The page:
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Harold Pinter

Pinter’s birthday party prize

By Penny Cole

Harold Pinter’s Nobel Prize for Literature is a timely recognition on his 75th birthday of one the world's most significant living playwrights and a noted campaigner for the oppressed.

The phrase Pinteresque has entered the English language to denote a particular kind of dislocated, alienated speech which has been connected with the Theatre of the Absurd but which, if you concentrate hard, is actually like an overheard conversation in ordinary speech. There is a perpetual menace in his plays where the sort of banal speech that might come naturally to a reader of the Daily Mail is revealed as a blind, behind which can lurk the hidden thoughts, selfish desires and evil intent of the potential torturer or dictator.

Pinter was born in Hackney to a Jewish family and attended the famous Hackney Downs Secondary which with its inspirational teachers fired his love of literature and passion for cricket. The school was run into the ground in the 1990s by a combination of government cuts and the incompetence and chaos of New Labour-controlled Hackney Council.

Although he began his working life as an actor, Pinter had already begun writing as a teenager. His first plays dissect not only the oppression of the individual - oppression that pervades society and encompasses the family, bourgeois norms, and the ignorance that oppresses the working class but also state repression.

The Hothouse is set in a psychological research centre, and had its roots in a personal experience when as a poor student he went to London's Maudesley hospital as a paid guinea pig and was, without warning, given a massive electric shock. He never forgot the feeling of vulnerability and powerlessness.

The patients and political prisoners are subject not only to oppressive treatment but also casual abuse by the staff and in particular by the fearsome Roote, an ex-army officer who runs the establishment. In fact the patients are invisible and it is the staff who are the focus of the play. Pinter himself, returning to his original role as an actor, was a terrifying Roote in a revival of the play in the 1990s.

His breakthrough to world-wide fame came with The Birthday Party, though it was initially a flop at its first performance in 1958. The play takes place in a boarding house where the landlord marks a bleak birthday, transformed into a terrifying episode by the arrival of two menacing figures from his past.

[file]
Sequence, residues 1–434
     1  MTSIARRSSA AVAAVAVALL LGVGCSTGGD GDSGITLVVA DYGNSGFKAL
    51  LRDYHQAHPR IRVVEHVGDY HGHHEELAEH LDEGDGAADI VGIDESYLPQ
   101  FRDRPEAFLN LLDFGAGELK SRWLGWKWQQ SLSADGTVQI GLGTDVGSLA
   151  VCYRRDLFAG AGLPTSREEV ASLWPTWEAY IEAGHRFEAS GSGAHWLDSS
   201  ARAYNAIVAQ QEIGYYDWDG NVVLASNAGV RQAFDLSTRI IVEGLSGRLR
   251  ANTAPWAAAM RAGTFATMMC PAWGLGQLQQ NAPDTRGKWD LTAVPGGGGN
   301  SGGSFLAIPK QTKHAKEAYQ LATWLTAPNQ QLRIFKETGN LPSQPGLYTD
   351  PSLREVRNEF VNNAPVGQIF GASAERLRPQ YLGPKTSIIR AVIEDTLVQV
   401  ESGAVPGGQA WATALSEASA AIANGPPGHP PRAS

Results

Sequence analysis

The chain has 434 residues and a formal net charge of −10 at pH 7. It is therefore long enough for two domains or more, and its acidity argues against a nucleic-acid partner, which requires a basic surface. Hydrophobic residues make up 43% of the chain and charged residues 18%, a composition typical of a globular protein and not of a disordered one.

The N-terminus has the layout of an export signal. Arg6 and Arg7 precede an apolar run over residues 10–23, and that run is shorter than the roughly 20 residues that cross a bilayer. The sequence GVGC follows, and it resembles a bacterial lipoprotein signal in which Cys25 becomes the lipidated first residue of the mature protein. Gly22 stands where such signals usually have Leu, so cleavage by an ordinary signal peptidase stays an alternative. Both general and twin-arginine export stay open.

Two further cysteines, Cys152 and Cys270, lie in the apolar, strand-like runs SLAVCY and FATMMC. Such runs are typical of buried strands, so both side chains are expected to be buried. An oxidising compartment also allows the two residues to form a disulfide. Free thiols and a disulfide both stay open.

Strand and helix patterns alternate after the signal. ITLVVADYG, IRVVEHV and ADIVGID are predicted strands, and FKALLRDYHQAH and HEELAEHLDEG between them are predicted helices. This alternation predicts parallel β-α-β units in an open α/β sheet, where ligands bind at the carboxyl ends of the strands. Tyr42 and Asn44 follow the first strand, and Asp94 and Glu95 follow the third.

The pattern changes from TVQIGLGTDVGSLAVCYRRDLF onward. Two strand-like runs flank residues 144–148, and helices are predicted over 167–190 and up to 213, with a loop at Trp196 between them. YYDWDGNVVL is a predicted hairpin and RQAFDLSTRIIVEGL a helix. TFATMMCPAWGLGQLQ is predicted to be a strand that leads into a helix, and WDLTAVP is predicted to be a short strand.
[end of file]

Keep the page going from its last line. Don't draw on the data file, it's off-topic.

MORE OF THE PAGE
He is too much an individual to be a man of party, but he is of the party of the oppressed at all times. Speaking of The Birthday Party he said: "In contemporary drama so often we have a villain society and the hero the individual. And a lot of people have said that about The Birthday Party. Well it isn't like that. These two things - the man in relation to society - both exist and one makes the other. Society wouldn't be there without the man, but they're both dependent on one another and there's no question of hero and villain."

In the 1990s his plays grew more overtly political and ever shorter. Yet they were so compressed and intense that they were almost unbearable to watch, focusing on torture and the nature of the torturer.

Through the international writers’ organisation PEN, Pinter worked tirelessly for the freedom of writers facing political repression, both in developing countries and in the former Soviet Union and Eastern Europe.

Pinter’s vocal and active opposition to Blair, Bush and their war on Iraq underlines his view that there can be no separation between art and politics – or the artist and politics. The Nobel Prize recognizes that his work has a continuing relevance and resonance in today’s world.

Iraq invasion a 'bandit act', says Pinter

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